WHEELING, W.Va. – West Virginia Independence Hall in Wheeling will host author and historian Philip Hatfield on Saturday, Sept. 10, 2022, at 2 p.m., where Hatfield will present a lecture on “The Battle of Hurricane Bridge.” The event is free and open to the public.
The Battle of Hurricane Bridge is an often-overlooked Civil War action occurring at the small, and otherwise quiet, western Virginia village. For five hours behind the limited protection of an unfinished earthen fort, the green Union troops of the 13th West Virginia Volunteer Infantry, under the command of Captain James Johnson, fought to hold off the hardened Confederate veterans of the 8th and 16th Virginia Cavalry, commanded by Brigadier General Albert Gallatin Jenkins.
Ultimately, the March 28, 1863, battle of Hurricane Bridge directly contributed to the Union army maintaining control of the James River and Kanawha Turnpike, a key supply line, and enabled federal control of the Kanawha Valley for the remainder of the war. The battle flag of the 13th West Virginia Infantry is one of the featured flags on display at West Virginia Independence Hall.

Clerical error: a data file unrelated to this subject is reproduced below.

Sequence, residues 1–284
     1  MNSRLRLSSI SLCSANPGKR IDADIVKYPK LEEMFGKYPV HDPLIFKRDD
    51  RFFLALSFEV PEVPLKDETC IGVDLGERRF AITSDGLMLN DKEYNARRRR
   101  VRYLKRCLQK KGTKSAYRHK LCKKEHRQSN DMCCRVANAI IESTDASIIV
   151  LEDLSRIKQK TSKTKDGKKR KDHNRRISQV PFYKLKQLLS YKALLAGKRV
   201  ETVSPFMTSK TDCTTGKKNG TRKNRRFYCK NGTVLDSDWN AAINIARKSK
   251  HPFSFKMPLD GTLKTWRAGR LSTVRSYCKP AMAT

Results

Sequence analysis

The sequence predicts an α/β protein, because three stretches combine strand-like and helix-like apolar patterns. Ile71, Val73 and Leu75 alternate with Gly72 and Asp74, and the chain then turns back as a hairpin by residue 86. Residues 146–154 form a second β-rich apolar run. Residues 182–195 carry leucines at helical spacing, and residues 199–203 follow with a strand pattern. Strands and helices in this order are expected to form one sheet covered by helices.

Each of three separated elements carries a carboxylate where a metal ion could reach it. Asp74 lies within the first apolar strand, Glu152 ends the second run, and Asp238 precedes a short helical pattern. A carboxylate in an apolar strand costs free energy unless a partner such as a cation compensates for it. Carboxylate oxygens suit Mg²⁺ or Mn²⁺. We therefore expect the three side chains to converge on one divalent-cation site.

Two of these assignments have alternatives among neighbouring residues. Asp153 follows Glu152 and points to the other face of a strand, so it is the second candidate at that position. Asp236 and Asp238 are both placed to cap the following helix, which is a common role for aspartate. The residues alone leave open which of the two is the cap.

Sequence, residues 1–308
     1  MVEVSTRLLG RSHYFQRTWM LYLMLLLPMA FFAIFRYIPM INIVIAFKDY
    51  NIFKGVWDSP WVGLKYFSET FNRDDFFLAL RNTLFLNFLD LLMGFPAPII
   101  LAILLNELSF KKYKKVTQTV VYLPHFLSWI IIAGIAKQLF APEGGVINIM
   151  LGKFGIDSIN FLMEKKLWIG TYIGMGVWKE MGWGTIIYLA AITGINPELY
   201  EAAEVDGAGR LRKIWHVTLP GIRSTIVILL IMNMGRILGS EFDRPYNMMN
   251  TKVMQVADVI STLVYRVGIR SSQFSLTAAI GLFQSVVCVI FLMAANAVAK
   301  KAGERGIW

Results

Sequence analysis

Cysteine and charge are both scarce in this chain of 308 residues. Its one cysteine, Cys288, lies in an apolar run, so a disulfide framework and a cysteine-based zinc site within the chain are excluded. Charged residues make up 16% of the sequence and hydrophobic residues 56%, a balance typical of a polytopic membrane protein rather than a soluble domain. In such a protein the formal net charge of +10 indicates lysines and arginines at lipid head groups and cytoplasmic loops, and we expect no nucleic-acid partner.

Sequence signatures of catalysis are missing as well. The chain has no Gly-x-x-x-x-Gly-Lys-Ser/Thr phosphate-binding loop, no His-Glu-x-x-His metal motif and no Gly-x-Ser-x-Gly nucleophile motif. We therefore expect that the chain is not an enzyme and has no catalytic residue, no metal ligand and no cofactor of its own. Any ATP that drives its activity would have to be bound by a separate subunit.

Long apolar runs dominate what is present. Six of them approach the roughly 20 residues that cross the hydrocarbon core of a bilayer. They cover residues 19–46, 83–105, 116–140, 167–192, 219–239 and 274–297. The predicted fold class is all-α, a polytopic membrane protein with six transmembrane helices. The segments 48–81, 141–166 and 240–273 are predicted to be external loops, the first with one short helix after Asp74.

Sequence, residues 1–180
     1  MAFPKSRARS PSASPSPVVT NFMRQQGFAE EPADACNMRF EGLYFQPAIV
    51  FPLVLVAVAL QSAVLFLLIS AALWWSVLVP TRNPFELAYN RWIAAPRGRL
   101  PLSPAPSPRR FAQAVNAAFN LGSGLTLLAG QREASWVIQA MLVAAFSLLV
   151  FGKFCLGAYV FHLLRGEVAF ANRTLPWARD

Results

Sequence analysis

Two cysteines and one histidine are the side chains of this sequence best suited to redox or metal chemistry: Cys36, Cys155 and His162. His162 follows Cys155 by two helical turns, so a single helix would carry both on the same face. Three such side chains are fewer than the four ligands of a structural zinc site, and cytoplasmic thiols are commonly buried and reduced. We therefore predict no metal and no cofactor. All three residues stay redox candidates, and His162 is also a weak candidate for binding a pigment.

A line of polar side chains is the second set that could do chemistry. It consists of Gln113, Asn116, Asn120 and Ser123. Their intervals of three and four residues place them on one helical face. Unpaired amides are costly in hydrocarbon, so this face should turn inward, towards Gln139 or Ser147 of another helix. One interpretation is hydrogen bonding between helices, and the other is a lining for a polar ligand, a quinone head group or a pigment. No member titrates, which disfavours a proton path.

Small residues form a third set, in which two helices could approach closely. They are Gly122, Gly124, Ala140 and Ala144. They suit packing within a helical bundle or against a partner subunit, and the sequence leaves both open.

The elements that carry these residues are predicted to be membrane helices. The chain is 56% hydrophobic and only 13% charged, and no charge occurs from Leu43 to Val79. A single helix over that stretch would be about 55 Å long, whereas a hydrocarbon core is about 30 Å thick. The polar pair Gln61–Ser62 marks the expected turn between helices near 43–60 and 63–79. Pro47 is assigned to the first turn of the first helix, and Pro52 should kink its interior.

Dr. Hatfield, Ph.D., is a member of the Company of Military Historians, and holds a doctorate in psychology from Fielding University; a master’s degree in psychology from Marshall University; and a bachelor’s degree in psychology and history from the University of Charleston. Dr. Hatfield is a veteran of the U.S. Air Force and has written five books and numerous articles related to the Civil War.
For more information, contact Debbie Jones, WVIH site manager, at (304) 238-1300 or Deborah.J.Jones@wv.gov.
West Virginia Independence Hall has been on the National Register of Historic Places (NRHP) since 1970. It was originally built as a federal custom house in 1859, served as the home of the pro-Union state conventions of Virginia during the spring and summer of 1861 and as the capitol of loyal Virginia from June 1861 to June 1863. It also was the site of the first constitutional convention for West Virginia.
Designated a National Historic Landmark in 1988, the museum is maintained and operated by the West Virginia Department of Arts, Culture and History, with the cooperation and assistance of the West Virginia Independence Hall Foundation. The museum is open daily from 9 a.m. to 5 p.m., Tuesday through Saturday, except for major holidays. The museum is located on the corner of 16th and Market Streets in Wheeling.